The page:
Christine Casey: Determination to do it right with Chhahari – a lifeline for at-risk children in Nepal
By SAMANTHA WASHER
Photos by: Mary Hurlbut and Chhahari
The first thing Christine Casey decided to do when her only son went off to Stanford University was to leave the desert and return to Orange County. She arrived in Laguna Beach in 1995. The next thing this retired banker and single mother did was to get involved in her community, volunteering her time with an AIDS services organization, her church (St. Catherine’s) and the Assistance League, to name a few.
“I’m not one for sitting around watching television,” she admits.
A life-changing trek to Nepal
To further the point, in 2004 Casey went on a trek to Nepal… even her leisure activities aren’t very leisurely! But this trip turned out to be a life-changing event – and not just for her.
Profoundly moved by the plight of the abandoned and orphaned children she saw there, Casey could not stop thinking about them when she returned home to Laguna.
“Seeing kids discarded like garbage…it stays with you,” she said. “I told my son I really wanted to go back there and do something for those kids. He helped me realize that I could go back. I had no restrictions; no husband, no children at home…so I backed off all the other things I was doing and started getting money from people, from my church, to help the kids.”
Tom Davis, Chhahari and making a real difference
Realizing that to be truly effective she needed to form a 501(c)(3) charitable organization, she called local lawyer, Tom Davis.
“I knew his wife, Martha, from volunteering at AIDS services, so I called him, explained who I was and what I needed. For a very small retainer fee he helped me set up Chhahari. That was the last one I ever gave him! Now he’s the Chairman of the Board. This guy…you can’t even believe how great he is,” says Casey enthusiastically.
Chhahari, Nepalese for “shelter”, is the organization Casey formed in 2007 to help some of those children she met in Nepal.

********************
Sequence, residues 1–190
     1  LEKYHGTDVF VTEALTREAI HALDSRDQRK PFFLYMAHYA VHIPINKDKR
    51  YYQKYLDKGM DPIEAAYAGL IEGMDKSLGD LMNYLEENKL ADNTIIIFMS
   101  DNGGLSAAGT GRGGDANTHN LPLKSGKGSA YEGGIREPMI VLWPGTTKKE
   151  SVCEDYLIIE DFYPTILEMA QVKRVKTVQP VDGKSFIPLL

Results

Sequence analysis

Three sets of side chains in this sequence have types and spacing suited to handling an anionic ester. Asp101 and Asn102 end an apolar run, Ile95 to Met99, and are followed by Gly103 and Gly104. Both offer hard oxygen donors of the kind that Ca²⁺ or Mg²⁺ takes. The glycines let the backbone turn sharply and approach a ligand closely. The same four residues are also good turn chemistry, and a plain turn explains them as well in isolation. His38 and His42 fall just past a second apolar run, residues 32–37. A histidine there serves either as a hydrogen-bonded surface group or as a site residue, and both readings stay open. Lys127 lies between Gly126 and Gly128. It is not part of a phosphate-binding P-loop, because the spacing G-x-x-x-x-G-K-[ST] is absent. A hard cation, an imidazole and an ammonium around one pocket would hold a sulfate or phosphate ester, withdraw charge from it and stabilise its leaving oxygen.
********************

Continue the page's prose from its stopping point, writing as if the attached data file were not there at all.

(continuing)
Chhahari’s mission states that it “…is a non-profit organization dedicated to raising funds to provide food, shelter, education and health care for the multitude of orphaned and underprivileged children of Nepal.” Chhahari currently houses and cares for approximately 25 children.
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Chhahari kids get to smile and have some fun together
The process for vetting the children who come to Chhahari is extensive. They must either be orphaned or their families have no ability to care for them.
“The only way to change these poor, corrupt countries is from within,” laments Casey. “They want to keep the poor – poor.”
Determined to do things right
Setting up a charitable organization in Nepal was neither simple nor straightforward. Finding the right people to run things almost 8,000 miles away was the first challenge.
“I was a banker my entire adult life. I want the nuts and bolts to add up at the end of the day,” she says, adding gratefully that she has “full faith” in the Nepalese people working for Chhahari. “There has never been a penny missing.”
And she can count the pennies because the operating budget is about as tight as it can be. “We are all volunteers,” she said. “I pay my own way back and forth every time I go. Our budget is $35,000 a year. $500 of that goes to marketing and advertising. Other than that it all goes to Chhahari. I had to make it so that I know that your money is going here and doing exactly that. We are doing it the right way.”
Unlike the United States’ “failed foster care system”, as Casey calls it, her kids never “age out.”
“We will never kick a kid out in the street,” she says. “You need to give them a chance.” Making them leave before they are ready means they have to deal with the same problems at-risk kids do here, even if the means are different.
“Glue sniffing is a big problem there. So is alcohol…it’s the homemade kind that kills you, by the time you’re 30,” she says sadly.
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The children of Chhahari
Beyond their basic needs, Casey is determined to bring her charges into the 21st century. “I took them to see ‘The Laramie Project’,” she says. (The Laramie Project is a play, based on the aftermath of the young gay man, Matthew Shephard, murdered in Laramie, Wyoming.)